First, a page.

The Gore District:
- was formed in 1989, incorporating the former Gore and Mataura borough councils and part of the former Southland County Council.
- has five electoral wards for the 11-member council, plus the mayor who is elected at large.
- covers 1,251 km².
- has a capital value of over $3.8billion with a strong agricultural-led economy.
- has a population of 12,400. Gore is the largest urban area with a population of 7,905. Mataura has a population of 1,629.
The Gore District Council has a total of 6,032 rating units.
We're World Famous
The World Capital of Brown Trout Fishing - a title earned courtesy of the world class trout fishing in the Mataura River and its tributaries, and the mayfly hatch that lures fly fisherman worldwide.
The New Zealand Capital of Country Music - Tussock Country is New Zealand's biggest country music festival. It features the NZ Gold Guitar Awards, the longest running country music talent quest in the country, the New Zealand Country Music Awards, Freeze Ya Bit Off Busking, the Ute Muster and much more.
Home to Sergeant Dan - back in the day when porridge was on everyone's breakfast menu Creamoata was king. Milled in Gore, Sgt Dan became a marketing icon for creamoata. This iconic figure still looks over the town's Main Street today.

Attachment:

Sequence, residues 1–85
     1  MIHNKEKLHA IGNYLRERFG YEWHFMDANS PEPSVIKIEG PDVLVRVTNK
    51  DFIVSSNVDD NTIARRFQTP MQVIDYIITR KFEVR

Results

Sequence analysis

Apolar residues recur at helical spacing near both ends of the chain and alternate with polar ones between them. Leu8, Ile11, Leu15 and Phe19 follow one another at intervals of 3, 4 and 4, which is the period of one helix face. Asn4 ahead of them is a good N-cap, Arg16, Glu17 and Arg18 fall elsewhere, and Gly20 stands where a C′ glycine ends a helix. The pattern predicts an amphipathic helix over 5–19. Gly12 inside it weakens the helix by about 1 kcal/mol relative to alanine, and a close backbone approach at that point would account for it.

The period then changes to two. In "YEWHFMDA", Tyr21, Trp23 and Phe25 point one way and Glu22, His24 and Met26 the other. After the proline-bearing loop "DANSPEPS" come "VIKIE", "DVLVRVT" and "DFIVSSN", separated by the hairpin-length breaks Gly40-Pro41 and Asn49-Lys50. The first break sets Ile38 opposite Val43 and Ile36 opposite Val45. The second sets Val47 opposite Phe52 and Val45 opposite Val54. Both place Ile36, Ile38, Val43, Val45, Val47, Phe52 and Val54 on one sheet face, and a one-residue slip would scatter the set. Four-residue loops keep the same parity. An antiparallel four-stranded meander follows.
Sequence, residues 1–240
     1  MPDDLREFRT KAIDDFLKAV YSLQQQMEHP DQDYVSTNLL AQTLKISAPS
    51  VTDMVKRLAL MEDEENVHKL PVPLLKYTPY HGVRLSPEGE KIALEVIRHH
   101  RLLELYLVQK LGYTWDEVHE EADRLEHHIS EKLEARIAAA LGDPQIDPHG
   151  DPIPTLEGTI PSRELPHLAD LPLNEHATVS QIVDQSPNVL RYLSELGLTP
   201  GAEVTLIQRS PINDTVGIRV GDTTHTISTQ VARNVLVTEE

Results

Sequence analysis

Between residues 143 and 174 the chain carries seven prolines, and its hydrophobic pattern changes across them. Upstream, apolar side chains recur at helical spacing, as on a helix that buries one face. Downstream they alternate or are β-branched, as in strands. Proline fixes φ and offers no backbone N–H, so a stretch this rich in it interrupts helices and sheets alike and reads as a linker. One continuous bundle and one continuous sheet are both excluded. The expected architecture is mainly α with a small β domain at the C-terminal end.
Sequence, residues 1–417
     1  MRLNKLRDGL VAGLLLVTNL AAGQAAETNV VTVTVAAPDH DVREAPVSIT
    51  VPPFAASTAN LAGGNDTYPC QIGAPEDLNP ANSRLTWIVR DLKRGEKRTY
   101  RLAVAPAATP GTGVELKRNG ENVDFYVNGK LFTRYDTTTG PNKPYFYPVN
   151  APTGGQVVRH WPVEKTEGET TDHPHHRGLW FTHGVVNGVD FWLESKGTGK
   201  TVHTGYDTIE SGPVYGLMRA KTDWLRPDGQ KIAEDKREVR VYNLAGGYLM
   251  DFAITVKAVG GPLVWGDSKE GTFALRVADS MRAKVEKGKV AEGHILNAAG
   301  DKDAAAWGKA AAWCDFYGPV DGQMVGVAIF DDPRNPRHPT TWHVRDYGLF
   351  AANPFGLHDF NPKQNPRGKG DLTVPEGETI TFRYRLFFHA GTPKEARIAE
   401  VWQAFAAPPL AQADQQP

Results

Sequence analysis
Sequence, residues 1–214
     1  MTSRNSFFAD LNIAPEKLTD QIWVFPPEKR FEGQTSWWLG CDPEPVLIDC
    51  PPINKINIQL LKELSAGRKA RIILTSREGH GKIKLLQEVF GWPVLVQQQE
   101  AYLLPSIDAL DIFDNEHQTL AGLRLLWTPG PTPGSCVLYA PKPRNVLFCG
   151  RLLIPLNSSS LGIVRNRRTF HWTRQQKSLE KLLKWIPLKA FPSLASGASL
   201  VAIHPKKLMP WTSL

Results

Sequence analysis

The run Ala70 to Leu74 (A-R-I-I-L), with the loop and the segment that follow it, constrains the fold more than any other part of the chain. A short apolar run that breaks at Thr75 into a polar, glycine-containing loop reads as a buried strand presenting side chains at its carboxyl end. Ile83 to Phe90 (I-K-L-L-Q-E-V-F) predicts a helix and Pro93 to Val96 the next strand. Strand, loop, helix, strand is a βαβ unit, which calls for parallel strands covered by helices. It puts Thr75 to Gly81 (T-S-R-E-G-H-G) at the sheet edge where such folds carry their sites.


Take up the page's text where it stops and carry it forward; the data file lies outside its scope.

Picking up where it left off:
Hokonui Moonshine - the illicit whisky industry of our past is a major tourist attraction today.
Eastern Southland Gallery - with its John Money Collection featuring works from some of our national artistic treasures, the Ralph Hotere permanent display, and steady flow of works my major contemporary artists, it's no surprise some call it the Goreggenheim.
Gore was named after New Zealand Governor Thomas Gore-Browne and the settlement was initially established around a ford on the Mataura River.
The District is known to southern Maori as Maruawai - Valley of Water.
Many businesses and organisations in the District also incorporate Hokonui in their name with the Hokonui Hills an important feature of our landscape. Legend has it that the profile of the hills is formed by the taniwha (dragon) Matamata of Kati Mamoe chief Te Rakitauneke.
The last intertribal Maori conflict, the discovery of gold and illicit Hokonui moonshine illicit to the District's colourful heritage.
The first Scottish settlers arrived here in 1855 and since then the landscape has been progressively developed from tussock, bush and native wetlands to lush farmland.
The Romney sheep was the backbone of the rural economy for many years. It's importance to the town is marked by a statue in Gore's Main Street.